COURT: Well there isn’t a nexus other than a financial nexus of she has a fine to pay and needs the ability to pay․ I’m not going to revoke her probation solely for not paying. If she does anything else then it will come into the mix, but generally you won’t see somebody revoked for not paying if they can’t pay.


COURT: If she wins the lottery and doesn’t pay then she gets revoked.


COURT: But if she wins the lottery she’ll get revoked for gambling, so․

MS. THORNTON: So, the Court is finding from looking at the financial information on the PSI that she has the ability to pay a $50,000 fine?

COURT: Well, I think, you never know. She’s got 20 years, that’s only $2,500 a year.

MS. THORNTON: If she lives that long.

COURT: Well if you die nobody’s going to do anything about you not paying the fine.

MS. THORNTON: Well they probably—I don’t know.

COURT: And like the 60-year old sex offenders they give 100 years in prison to. I know they are not going to live the whole 100 years and get off probation, see.

MS. THORNTON: Okay, I guess if I can—

COURT: Any questions [County Attorney] Patch?

¶6 Heidinger first argues that the District Court abused its discretion in imposing condition numbers 9, 10, 17, 18, and 26—all alcohol- and gambling-related prohibitions—because they lack any nexus to her rehabilitation and the protection of the victims or society as required under Montana law. See §§ 46-18-201(4)(p), -202(1), MCA. See also State v. Bullplume, 2013 MT 169, ¶ 18, 370 Mont. 453, 305 P.3d 753. She contends that defense counsel properly objected to the imposition of these conditions in the District Court, preserving this issue for appeal. Without agreeing that defense counsel properly objected to these conditions, the State concedes they have no reasonable relationship to Heidinger or her offense and should therefore be stricken from the judgment. Following our review of the record, and in light of the State’s concession, we reverse the District Court’s imposition of condition numbers 9, 10, 17, 18, and 26 and remand for the court to strike those conditions from the judgment.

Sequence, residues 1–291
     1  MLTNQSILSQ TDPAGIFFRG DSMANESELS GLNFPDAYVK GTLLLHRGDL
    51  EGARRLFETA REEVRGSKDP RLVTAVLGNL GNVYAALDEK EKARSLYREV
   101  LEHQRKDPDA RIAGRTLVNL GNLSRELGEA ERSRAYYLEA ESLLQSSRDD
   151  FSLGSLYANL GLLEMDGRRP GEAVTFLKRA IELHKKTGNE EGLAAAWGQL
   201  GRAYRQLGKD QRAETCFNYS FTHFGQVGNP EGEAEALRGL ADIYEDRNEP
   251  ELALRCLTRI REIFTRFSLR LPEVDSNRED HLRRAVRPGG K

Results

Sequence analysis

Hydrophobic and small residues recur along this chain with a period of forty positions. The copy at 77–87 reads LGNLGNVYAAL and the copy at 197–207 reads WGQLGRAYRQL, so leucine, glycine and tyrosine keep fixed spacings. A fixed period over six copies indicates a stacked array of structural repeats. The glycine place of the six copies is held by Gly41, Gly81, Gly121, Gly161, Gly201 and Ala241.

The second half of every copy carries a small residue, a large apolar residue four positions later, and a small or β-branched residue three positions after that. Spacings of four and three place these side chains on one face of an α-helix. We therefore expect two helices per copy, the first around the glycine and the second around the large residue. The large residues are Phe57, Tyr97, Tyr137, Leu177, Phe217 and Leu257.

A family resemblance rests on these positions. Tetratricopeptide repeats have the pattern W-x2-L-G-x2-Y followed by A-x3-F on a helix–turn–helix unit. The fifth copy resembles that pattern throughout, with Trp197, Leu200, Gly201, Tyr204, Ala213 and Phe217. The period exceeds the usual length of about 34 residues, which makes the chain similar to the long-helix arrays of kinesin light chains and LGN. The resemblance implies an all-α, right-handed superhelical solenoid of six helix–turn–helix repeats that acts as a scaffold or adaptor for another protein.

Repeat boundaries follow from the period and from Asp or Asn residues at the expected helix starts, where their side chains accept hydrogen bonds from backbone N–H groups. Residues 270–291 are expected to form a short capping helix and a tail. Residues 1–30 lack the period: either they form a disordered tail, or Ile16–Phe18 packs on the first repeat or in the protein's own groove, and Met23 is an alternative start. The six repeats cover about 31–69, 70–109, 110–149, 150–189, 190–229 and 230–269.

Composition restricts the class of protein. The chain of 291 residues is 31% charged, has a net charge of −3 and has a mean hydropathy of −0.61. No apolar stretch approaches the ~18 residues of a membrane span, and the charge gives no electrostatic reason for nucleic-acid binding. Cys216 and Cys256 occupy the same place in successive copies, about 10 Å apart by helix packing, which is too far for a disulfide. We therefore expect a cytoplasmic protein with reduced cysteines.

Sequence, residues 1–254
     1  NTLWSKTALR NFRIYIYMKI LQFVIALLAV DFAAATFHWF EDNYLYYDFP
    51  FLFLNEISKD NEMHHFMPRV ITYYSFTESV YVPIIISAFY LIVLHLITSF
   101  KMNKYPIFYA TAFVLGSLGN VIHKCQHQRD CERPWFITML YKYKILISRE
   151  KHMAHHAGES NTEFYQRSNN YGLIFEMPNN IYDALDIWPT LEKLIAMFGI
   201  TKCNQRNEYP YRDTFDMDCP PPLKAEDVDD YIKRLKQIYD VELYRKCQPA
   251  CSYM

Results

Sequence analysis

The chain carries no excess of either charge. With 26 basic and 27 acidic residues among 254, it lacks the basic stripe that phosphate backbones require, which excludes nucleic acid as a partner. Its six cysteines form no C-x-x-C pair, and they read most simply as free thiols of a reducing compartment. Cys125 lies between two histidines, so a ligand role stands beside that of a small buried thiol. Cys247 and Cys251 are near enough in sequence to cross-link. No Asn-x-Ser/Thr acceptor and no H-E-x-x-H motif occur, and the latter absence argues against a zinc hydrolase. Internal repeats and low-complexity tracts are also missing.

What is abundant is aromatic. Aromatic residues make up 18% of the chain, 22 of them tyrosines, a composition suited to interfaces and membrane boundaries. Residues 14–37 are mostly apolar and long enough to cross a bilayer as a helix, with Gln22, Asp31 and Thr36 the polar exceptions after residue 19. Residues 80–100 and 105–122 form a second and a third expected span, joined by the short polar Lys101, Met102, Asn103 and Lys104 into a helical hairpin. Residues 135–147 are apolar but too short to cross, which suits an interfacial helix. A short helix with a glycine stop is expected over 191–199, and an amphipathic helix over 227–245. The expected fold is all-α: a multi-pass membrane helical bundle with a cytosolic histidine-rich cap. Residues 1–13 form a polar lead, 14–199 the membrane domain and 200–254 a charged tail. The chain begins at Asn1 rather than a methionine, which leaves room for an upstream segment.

¶7 Next, Heidinger argues that the District Court’s failure to conduct any ability-to-pay inquiries renders its imposition of the $50,000 fine clearly erroneous. The State responds that defense counsel did not preserve the issue for appeal because her statements were merely “Socratic questions to the court”—not an objection—and urges us to affirm.

¶8 Before imposing a statutorily authorized fine, a sentencing court must first determine that the defendant is or will be able to pay. Section 46-18-231(3), MCA; State v. Reynolds, 2017 MT 317, ¶ 20, 390 Mont. 58, 408 P.3d 503. We have held that § 46-18-231, MCA, requires the sentencing court to demonstrate “a serious inquiry and separate determination” into the defendant’s ability to pay. Reynolds, ¶ 24 (citing State v. McLeod, 2002 MT 348, ¶ 35, 313 Mont. 358, 61 P.3d 126 (holding that the sentencing court must “consider whether the defendant will or will not be able to pay the fine” and, in making such determination, “shall take into account the financial resources of the defendant and the nature of the burden that payment of the fine will impose.”)).